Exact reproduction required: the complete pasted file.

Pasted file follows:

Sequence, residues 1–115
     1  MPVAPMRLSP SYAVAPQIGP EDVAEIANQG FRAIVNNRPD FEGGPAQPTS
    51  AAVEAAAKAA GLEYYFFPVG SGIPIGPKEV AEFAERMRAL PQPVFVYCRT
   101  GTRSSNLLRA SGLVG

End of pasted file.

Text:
Sequence, residues 1–115
     1  MPVAPMRLSP SYAVAPQIGP EDVAEIANQG FRAIVNNRPD FEGGPAQPTS
    51  AAVEAAAKAA GLEYYFFPVG SGIPIGPKEV AEFAERMRAL PQPVFVYCRT
   101  GTRSSNLLRA SGLVG